June 11, 2019 (Reiwa 1)
On June 11, 2019, the National Police Agency, Immigration Services Agency, and Ministry of Health, Labour and Welfare explained to major employers' associations the efforts being made to address illegal foreign workers by the "Council for Measures against Illegal Foreign Workers" and requested their cooperation in preventing illegal employment.
Date: From 3:00 p.m. on Tuesday, June 11, 2019 (Reiwa 1)
Address: Central Govt. Building No. 6, Building A 17F Meeting Room, 1-1-1 Kasumigaseki, Chiyoda-ku, Tokyo
Director of the Organized Crime Policy Planning Division, Organized Crime Department, Criminal Affairs Bureau, National Police Agency
Director of the Enforcement Division, Immigration Department, Immigration Services Agency
Director of the Foreign Workers' Affairs Division, Employment Security Bureau, Ministry of Health, Labour and Welfare
Japan Business Federation
Japan Chamber of Commerce and Industry (JCCI)
National Federation of Small Business Associations
Central Federation of Societies of Commerce and Industry
Affiliated agencies and organizations need to work together to develop and promote extensive measures that tackle the issue of illegal employment of foreign workers from multiple angles. In particular, the National Police Agency, the Ministry of Justice, and the Ministry of Health, Labour and Welfare must strengthen their cooperation. From this perspective, in February 1992 (Heisei 4), the "Inter-Ministerial Liaison Committee Regarding Measures to Combat Illegal Foreign Workers," comprised of the Director-Generals from the three agencies, and the "Council for Measures against Illegal Foreign Workers," comprised of directors from the three agencies, were formed. During the course of deliberating and executing various policies, from April of this year, the Immigration Services Agency, which was established as an External Bureau of the Ministry of Justice, also became a member of these councils.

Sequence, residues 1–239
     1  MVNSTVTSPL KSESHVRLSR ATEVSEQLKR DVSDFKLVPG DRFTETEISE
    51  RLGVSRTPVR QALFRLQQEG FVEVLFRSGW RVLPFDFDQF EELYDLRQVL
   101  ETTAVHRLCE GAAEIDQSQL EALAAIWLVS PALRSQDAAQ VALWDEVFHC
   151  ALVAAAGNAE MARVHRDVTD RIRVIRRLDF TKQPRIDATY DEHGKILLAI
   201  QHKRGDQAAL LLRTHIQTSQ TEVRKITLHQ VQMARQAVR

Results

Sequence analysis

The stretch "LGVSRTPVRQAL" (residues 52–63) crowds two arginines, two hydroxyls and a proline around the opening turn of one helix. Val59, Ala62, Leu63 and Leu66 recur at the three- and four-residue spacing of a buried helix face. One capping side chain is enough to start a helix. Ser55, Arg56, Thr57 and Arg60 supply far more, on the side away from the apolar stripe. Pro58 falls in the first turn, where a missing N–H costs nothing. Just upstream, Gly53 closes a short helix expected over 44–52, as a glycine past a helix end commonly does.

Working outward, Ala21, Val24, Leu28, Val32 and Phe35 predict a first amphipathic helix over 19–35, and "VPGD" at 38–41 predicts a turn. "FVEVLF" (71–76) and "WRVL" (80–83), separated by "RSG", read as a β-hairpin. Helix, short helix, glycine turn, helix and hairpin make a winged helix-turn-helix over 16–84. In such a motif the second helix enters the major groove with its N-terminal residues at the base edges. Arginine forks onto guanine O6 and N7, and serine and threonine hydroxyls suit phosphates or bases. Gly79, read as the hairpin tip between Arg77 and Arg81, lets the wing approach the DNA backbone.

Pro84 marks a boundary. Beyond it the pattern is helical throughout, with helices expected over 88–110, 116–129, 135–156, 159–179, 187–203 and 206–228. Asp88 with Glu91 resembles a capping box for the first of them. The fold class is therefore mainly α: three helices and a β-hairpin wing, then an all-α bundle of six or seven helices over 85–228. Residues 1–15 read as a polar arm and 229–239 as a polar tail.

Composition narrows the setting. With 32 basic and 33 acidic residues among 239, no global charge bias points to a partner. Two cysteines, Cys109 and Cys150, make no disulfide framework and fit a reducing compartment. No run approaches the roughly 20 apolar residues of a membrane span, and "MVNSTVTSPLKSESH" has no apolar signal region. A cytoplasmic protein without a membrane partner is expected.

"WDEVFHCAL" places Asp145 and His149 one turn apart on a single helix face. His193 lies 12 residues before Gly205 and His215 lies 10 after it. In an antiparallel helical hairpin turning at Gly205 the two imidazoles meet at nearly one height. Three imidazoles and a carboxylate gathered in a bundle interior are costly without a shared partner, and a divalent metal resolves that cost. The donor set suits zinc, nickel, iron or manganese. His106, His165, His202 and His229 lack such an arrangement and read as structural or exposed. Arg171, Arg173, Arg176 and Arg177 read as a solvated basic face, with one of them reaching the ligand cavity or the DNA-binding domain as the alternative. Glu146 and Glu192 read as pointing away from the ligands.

As a result of Japan executing measures in various fields to reduce the number of illegal foreign workers and prevent new illegal workers from entering the country, the number of foreign nationals that had overstayed their authorized period of stay as of January 1, 2014 was less than 60,000 people. However, as of January 1 of this year, the number of foreign nationals that had overstayed their authorized period of stay had grown to 74,000 people.
At the end of last year, the number of foreign nationals residing in Japan was 2,730,000 people, a record-high figure. As such, there are concerns about an increase in imposter residents who use fabricated documents to lie about their identity and purpose of activities, improperly receive a status of residence, and work illegally. The means of residing in Japan based on false premises grow more malicious and complex every year. There have been cases of people who are clearly not eligible under the Refugee Convention abusing the Refugee Recognition System for the purpose of working or residing permanently in Japan. Furthermore, there have been cases of technical intern trainees going missing, students being expelled from their schools, and people working illegally during provisional release after being issued a deportation order. It is clear that continued effort is needed to address these problems.
Measures to eliminate opportunities for illegal workers are necessary to curb illegal employment, such as more strictly charging employers who provide work opportunities with crimes for encouraging illegal work.
In an aim to promote public understanding about the issues surrounding (illegal) foreign workers, June has been designated "Foreign Workers Awareness Month" by the government. Just as in previous years, the Council for Measures against Illegal Foreign Workers asks that employers' associations understand and cooperate with measures against illegal foreign workers as a "request related to preventing the employment of illegal foreign workers," and it asks that they provide information and guidance to all related parties in order to prevent the employment of illegal foreign workers. Each employers' association explained their efforts to prevent the employment of illegal foreign workers and exchanged their opinions on the matter.